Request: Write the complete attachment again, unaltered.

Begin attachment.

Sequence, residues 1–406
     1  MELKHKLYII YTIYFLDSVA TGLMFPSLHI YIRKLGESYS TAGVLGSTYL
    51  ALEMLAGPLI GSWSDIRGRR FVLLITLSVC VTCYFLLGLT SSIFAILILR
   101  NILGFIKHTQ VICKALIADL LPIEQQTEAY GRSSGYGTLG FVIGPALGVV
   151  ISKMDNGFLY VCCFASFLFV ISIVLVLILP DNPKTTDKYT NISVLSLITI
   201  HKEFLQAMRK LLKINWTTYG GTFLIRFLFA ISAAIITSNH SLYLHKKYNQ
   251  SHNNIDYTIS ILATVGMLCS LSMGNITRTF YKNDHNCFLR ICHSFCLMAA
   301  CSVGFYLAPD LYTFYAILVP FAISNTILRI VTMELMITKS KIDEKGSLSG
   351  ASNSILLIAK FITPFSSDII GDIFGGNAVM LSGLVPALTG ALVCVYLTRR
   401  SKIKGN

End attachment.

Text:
Sequence, residues 1–406
     1  MELKHKLYII YTIYFLDSVA TGLMFPSLHI YIRKLGESYS TAGVLGSTYL
    51  ALEMLAGPLI GSWSDIRGRR FVLLITLSVC VTCYFLLGLT SSIFAILILR
   101  NILGFIKHTQ VICKALIADL LPIEQQTEAY GRSSGYGTLG FVIGPALGVV
   151  ISKMDNGFLY VCCFASFLFV ISIVLVLILP DNPKTTDKYT NISVLSLITI
   201  HKEFLQAMRK LLKINWTTYG GTFLIRFLFA ISAAIITSNH SLYLHKKYNQ
   251  SHNNIDYTIS ILATVGMLCS LSMGNITRTF YKNDHNCFLR ICHSFCLMAA
   301  CSVGFYLAPD LYTFYAILVP FAISNTILRI VTMELMITKS KIDEKGSLSG
   351  ASNSILLIAK FITPFSSDII GDIFGGNAVM LSGLVPALTG ALVCVYLTRR
   401  SKIKGN